Why does the media treat Caroline Wozniacki with such contempt? While she isn't an aggressive player, she must have some skill to be in the top 10 for the last few years. Some of the media, particularly the second-tier announcers, act like she shouldn't be allowed near a tennis court. To be a professional athlete at the top levels should garner some respect or at least civility.
-- CJ , Roanoke, Va.
• Totally disagree. I think there's both respect and personal fondness for Wozniacki. I also think the media have a duty to commentate candidly, which sometimes means speaking unfavorably about players. When you're the sixth seed, the highest-ranked player in your quadrant, and you lose to a qualifier hitting 13 winners to her 46 ... well, that's hard to sugarcoat.
We may bemoan the disappointing state of the American men and any up-and-coming prospects, but maybe we could take a moment to observe that there is just one Swedish man in the singles top 500 -- ranked 444.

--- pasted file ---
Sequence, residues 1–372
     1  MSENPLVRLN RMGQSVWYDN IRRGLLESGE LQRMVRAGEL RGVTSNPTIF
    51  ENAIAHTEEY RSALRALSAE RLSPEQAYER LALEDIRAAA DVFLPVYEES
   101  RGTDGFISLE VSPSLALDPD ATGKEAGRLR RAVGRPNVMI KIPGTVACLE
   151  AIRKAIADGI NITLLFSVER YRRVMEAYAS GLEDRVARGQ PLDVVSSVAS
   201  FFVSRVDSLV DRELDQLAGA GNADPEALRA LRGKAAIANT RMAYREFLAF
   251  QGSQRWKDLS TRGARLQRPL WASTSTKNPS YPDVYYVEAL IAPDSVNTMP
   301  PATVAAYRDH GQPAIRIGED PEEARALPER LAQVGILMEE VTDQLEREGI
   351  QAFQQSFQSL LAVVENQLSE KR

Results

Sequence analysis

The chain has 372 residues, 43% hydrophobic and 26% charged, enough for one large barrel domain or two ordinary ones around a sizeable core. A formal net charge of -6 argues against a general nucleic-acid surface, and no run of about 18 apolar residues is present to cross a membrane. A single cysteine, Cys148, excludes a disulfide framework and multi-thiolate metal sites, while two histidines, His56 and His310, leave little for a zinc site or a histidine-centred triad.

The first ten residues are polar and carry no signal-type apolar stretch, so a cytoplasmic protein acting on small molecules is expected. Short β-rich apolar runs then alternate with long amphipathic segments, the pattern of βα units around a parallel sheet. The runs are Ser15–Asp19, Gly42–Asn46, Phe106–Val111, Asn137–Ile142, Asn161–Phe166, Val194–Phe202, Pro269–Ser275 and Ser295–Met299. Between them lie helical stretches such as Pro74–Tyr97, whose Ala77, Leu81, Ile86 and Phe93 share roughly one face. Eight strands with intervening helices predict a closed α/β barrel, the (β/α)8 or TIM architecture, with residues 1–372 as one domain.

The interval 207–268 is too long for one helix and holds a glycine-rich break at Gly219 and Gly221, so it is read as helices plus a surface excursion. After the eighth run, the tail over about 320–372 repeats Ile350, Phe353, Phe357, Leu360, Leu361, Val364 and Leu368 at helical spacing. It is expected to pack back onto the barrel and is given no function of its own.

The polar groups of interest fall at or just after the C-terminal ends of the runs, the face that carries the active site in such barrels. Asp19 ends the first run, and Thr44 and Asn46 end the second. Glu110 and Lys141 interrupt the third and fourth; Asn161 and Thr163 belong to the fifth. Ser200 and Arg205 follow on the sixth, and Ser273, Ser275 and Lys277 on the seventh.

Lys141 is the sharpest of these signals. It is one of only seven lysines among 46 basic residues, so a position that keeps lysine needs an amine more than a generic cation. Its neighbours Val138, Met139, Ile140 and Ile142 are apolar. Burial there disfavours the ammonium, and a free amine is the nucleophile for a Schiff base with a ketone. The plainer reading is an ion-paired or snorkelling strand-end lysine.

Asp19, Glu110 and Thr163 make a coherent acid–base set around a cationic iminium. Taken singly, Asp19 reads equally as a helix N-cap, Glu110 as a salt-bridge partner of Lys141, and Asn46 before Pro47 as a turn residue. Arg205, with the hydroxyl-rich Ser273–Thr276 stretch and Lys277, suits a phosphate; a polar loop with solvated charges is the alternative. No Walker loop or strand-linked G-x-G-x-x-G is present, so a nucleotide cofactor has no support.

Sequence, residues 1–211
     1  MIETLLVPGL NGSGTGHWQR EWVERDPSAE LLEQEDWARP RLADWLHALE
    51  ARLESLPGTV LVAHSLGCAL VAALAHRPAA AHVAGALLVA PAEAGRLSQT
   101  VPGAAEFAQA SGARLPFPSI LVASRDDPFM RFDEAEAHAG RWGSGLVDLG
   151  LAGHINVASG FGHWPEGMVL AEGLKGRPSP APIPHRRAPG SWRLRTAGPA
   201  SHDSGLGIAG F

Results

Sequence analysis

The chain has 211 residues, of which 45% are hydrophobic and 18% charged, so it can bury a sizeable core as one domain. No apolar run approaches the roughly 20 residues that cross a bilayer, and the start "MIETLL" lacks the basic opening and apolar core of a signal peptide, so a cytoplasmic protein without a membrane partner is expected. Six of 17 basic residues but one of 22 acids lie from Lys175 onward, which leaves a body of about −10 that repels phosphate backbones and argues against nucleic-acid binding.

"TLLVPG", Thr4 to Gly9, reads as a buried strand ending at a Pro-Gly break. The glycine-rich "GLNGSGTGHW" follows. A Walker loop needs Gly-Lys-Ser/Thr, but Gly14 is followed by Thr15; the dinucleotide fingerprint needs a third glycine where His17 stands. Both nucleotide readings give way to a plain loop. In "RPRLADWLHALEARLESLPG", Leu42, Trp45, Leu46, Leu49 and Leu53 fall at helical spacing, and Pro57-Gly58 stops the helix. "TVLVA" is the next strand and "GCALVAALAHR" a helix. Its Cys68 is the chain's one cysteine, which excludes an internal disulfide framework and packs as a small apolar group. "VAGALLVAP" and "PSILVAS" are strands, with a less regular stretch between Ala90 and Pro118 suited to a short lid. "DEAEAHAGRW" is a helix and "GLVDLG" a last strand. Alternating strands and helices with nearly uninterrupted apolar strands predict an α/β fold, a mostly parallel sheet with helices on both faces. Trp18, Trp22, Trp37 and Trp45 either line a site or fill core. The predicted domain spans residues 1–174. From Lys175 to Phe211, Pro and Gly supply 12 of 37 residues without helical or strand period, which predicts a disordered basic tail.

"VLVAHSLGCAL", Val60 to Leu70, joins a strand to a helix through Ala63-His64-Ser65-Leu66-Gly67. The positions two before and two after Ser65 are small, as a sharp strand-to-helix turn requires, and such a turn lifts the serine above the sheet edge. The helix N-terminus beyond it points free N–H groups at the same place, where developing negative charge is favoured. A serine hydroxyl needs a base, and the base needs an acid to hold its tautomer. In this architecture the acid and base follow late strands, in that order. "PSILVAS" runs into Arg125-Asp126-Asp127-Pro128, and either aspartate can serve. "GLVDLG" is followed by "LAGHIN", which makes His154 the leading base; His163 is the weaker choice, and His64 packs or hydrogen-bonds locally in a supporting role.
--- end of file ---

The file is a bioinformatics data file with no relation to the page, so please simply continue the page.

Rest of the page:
-- Sam Moen, Cambridge, Mass.
• But we envy their standard of living, commitment to social justice, active lifestyle and virtually nonexistent crime rate.
Tim Smyczek = next Frank Parker?
-- Benjamin Bittner, Wisconsin
• Yes! (Who the heck is Frank Parker?)
• Ro'ee of Israel: "Somewhat ironic that Alison Riske's doubles partner was the great-American-hope girl of a few U.S. Opens back (Melanie Oudin)?" Apparently, they're also best friends.
• Duane Wright of Washington, D.C.: "Another U.S. Open rain delay and yet again it's Jimmy Connors vs. ... Bjorn Bjorg(!?) in U.S. Open Greatest Tiebreaks. Somewhere, Aaron Krickstein just crawled out from under his desk."
• Taylor Townsend is moving on from junior tennis.
• Edward Sherwin of N.Y.: "The epigraph to Novak Djokovic's new book, Serve To Win, is the following quote attributed to Winston Churchill: 'We make a living by what we get, but we make a life by what we give.' But at the USTA Billie Jean King National Tennis Center, a stone marker in the Arthur Ashe Commemorative Garden includes the following quote attributed to Ashe: 'From what we get, we make a living; what we give, however, makes a life.' The similarity between the two quotations seems a little odd, not least of all with Djokovic (who used Churchill's quote, but plays in a stadium named for Ashe) serving as a bridge between two historic individuals with very little connection."